When you are touring an assisted living facility for a loved one, you should ask questions, explore the property with a critical eye and talk with the staff. You want to ensure that your loved one will be well taken care of and that they will be happy during the duration of their stay. If you have browsed through brochures, you have to check that the reality does indeed look like the pictures in the marketing materials. Here are three red flags to watch out for when you're picking out an assisted living facility.
Avoided or Unanswered Questions
As you view the property in person, ask questions. You want to know how many staff members are on per shift, the kind of credentials they have and if they can handle your loved one's condition. You want to know the steps involved in the admission process, the kind of patients already at the facility and a breakdown of the fees, too. According to After 50 Living, if you notice some or all of these kinds of questions are avoided or unanswered by the staff, it should raise a red flag. While you might come across a new staff member who does not have all the answers, there should be someone who can help when you are in the process of making such an important decision.
History of Violations
According to Assisted Living Center, information regarding a facility having outstanding compliance violations or complaints can be found by checking with the agencies responsible for overseeing these reports. Disciplinary action is a red flag because it means the facility is not in compliance with industry standards. Seeing repeated offenses is a good reason for you to cross that facility off your list simply because you do not know if your loved one will be properly cared for or safe. Whether it is lack of staff, medical equipment or cleanup, these things pose a risk.
You Have a Bad Feeling
While you are checking out the assisted living facility, according to Boomer Bloomer, it’s a good idea to do a gut-check. If you are not sure if this is the facility for your loved one, it is OK. You can seek reassurance before making up your mind. If you don't feel good about a place, keep searching for an assisted-living facility that you feel 100% confident about.
Picking an assisted living facility is a task that should not be taken lightly. Most facilities are well-staffed and genuinely care for their patients. It is OK to ask questions, tour the property and speak with staff members before you make a decision.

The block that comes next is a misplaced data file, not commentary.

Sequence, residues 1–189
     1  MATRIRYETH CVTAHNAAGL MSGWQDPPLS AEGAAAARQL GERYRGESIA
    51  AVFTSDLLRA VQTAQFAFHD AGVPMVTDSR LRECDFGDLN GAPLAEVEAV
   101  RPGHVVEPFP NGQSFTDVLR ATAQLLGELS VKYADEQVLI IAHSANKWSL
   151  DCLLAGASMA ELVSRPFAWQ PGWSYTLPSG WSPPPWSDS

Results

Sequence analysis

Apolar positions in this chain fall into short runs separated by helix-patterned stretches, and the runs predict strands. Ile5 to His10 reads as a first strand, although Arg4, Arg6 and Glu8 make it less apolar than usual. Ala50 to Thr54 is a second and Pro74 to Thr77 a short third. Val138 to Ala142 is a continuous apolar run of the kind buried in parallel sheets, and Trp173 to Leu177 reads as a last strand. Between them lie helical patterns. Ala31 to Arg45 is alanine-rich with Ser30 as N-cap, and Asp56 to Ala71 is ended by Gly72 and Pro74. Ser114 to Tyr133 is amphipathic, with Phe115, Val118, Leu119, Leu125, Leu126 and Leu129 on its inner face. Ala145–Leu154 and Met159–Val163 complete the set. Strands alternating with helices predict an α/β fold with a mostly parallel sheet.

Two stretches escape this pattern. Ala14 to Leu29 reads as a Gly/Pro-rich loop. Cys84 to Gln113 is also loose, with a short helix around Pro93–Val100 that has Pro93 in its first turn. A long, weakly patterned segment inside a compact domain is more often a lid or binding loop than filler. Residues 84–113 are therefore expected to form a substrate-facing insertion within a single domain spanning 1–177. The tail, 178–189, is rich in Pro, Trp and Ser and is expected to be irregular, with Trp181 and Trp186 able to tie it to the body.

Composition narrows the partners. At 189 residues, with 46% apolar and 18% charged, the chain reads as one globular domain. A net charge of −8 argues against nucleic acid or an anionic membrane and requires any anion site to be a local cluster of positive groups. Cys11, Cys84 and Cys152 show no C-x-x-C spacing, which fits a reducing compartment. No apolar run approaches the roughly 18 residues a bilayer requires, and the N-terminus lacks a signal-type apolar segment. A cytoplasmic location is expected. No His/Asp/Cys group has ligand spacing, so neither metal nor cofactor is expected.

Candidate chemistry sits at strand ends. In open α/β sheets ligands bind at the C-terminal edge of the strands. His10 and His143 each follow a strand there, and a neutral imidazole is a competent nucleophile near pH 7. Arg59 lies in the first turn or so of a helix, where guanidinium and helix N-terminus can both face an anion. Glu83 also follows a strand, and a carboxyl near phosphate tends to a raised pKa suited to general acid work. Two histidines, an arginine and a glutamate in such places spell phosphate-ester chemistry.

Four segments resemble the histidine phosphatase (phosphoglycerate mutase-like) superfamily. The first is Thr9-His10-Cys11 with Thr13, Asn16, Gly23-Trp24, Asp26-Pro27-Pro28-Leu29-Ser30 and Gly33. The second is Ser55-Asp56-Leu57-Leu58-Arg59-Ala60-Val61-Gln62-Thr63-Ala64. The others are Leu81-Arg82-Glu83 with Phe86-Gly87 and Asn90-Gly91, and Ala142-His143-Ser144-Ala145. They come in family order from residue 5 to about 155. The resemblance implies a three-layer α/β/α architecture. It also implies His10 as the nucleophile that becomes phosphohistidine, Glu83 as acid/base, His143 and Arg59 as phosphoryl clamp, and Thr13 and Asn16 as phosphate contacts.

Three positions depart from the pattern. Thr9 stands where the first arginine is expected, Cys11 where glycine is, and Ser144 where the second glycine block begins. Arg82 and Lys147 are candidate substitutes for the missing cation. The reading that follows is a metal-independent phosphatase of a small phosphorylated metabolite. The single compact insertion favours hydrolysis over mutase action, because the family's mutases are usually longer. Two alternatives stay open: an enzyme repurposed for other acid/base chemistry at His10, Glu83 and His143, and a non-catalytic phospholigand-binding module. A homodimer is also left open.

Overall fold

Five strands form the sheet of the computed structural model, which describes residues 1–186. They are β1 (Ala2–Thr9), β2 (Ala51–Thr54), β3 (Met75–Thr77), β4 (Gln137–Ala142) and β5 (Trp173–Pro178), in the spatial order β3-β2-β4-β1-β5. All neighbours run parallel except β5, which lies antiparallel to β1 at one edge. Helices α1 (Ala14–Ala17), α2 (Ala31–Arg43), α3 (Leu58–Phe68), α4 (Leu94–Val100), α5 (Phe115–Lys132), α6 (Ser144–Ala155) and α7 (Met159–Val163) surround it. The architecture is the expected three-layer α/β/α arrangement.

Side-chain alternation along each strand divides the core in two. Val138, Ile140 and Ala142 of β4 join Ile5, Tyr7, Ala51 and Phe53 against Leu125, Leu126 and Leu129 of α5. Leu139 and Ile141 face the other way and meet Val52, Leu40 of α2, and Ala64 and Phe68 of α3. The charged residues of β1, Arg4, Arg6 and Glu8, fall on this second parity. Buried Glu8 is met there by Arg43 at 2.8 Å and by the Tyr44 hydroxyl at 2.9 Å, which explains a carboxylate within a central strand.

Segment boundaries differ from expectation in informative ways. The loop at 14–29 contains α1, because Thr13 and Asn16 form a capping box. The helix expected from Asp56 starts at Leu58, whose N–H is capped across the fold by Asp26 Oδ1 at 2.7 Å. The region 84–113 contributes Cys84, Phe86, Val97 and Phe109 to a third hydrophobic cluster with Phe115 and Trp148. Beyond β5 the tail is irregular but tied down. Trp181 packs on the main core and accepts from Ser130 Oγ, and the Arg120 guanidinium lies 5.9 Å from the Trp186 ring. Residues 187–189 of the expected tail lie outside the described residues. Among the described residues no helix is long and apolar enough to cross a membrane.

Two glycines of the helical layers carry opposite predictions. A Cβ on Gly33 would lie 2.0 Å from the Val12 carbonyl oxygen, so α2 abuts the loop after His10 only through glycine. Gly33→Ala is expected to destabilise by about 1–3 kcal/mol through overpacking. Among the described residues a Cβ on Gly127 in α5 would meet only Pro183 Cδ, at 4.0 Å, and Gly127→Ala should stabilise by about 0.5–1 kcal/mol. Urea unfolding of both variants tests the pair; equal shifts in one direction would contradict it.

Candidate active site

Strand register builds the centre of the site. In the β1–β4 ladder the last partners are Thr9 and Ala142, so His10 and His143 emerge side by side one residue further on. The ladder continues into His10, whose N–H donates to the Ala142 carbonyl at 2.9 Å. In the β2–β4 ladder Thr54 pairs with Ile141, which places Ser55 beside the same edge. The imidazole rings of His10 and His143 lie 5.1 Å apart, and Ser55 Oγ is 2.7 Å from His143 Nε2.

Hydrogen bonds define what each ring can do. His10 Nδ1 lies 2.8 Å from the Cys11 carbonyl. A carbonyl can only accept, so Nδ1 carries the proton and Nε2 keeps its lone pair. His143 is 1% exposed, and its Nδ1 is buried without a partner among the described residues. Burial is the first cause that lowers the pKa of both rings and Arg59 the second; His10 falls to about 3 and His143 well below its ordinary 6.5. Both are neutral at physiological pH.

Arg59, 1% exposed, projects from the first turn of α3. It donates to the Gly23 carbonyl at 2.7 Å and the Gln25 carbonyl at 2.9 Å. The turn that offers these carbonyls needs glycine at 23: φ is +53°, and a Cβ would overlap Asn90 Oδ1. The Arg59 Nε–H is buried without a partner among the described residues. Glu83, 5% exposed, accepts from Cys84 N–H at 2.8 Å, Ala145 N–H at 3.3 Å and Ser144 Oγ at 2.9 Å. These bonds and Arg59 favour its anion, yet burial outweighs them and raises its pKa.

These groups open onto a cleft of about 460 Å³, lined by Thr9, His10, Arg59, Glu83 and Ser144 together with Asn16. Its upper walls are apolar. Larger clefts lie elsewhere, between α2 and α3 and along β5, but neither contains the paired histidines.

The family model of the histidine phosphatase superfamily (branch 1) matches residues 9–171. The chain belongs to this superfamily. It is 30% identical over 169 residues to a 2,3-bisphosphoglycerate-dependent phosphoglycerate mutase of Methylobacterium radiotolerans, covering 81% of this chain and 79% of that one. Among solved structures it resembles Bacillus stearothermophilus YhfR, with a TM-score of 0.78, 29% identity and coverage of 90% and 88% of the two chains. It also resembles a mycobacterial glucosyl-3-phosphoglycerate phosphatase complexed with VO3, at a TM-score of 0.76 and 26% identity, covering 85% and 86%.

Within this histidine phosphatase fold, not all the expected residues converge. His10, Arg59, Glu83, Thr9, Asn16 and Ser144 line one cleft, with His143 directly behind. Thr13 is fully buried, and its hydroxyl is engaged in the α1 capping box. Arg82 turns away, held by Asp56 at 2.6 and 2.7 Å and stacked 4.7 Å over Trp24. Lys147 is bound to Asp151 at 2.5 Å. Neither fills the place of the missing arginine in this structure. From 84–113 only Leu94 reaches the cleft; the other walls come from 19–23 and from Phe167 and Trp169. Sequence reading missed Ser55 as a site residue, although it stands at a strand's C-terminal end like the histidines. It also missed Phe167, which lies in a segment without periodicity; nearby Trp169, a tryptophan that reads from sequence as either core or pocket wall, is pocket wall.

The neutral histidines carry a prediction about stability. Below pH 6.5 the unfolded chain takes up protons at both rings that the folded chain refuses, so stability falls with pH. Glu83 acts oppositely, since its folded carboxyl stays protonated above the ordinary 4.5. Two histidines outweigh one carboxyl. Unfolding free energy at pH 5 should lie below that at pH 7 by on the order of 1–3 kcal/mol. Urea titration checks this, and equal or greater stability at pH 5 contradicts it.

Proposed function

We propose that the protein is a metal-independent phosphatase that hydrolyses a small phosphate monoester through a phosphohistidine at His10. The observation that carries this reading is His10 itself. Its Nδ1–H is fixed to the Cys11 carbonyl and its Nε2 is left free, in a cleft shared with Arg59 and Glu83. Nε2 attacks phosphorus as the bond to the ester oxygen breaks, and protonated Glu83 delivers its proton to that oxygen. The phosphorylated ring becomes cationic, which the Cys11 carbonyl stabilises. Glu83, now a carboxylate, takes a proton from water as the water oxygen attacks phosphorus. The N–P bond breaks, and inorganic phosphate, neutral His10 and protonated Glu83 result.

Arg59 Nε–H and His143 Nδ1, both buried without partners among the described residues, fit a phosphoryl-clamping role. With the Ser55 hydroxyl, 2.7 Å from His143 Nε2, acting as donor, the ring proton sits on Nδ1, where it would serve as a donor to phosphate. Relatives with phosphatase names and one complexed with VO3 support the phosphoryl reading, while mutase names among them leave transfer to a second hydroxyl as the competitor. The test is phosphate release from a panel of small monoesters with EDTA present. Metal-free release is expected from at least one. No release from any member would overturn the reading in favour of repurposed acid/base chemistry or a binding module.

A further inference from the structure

If you enjoyed this article, check out this other article with tips on how you can help aging parents!
(BPT) - Caring for someone with Alzheimer’s or other dementias is exceptionally demanding, and especially challenging.
A recent survey by the Alzheimer’s Association indicates many caregivers are not getting the help and support they need — 84 percent of caregivers say they would like more support in caring for someone with Alzheimer’s, especially from family members.
“Too many people are shouldering the caregiving burden alone,” says Ruth Drew, director of information and support services at the Alzheimer’s Association. “Many people want or would welcome help, but they are reluctant or just too overwhelmed to ask.”
Tips for supporting a caregiver
Providing help and support to caregivers can be easier than most people think. Even little acts can make a significant difference, Drew says. The Alzheimer’s Association offers these suggestions:
Learn: Educate yourself about Alzheimer’s disease — its symptoms, its progression and challenges facing caregivers. The more you know, the easier it will be to find ways to help.
Build a team: Organize family and friends who want to help. The Alzheimer's Association Care Team Calendar is a free, personalized online tool that allows helpers to sign up for specific tasks, such as preparing meals, providing rides or running errands.
Give a break: Spend time with the person with dementia, allowing the caregiver a chance to run errands, go to their own doctor’s appointment or engage in an activity that helps them recharge. Even one hour can provide the caregiver some relief.
Check in: Many caregivers report feeling isolated or alone; make a phone call to check in, send a note or stop by for a visit.
Tackle the to-do list: Ask for a list of errands that need to be done. Pick up groceries or dry cleaning, or even offer to shuttle kids to and from activities.
Be specific and be flexible: Open-ended offers of support (“Call me if you need anything,” or “Let me know if I can help.”) may be well-intended, but are often dismissed. Be specific in your offer (“I’m going to the store, what do you need?”). Continue to let the caregiver know that you are there and ready to help.
Join the fight: Honor a person living with the disease and their caregiver by supporting the Alzheimer’s cause. Volunteer at your local Alzheimer’s Association office or participate in fundraising events.
“It’s a mistake to assume caregivers have everything under control,” Drew says. “Most caregivers can use and would appreciate help. No one can do everything, but each of us can do something.”
To learn more about Alzheimer’s disease and ways you can support families and people living with the disease, visit www.alz.org, the website of the Alzheimer’s Association.
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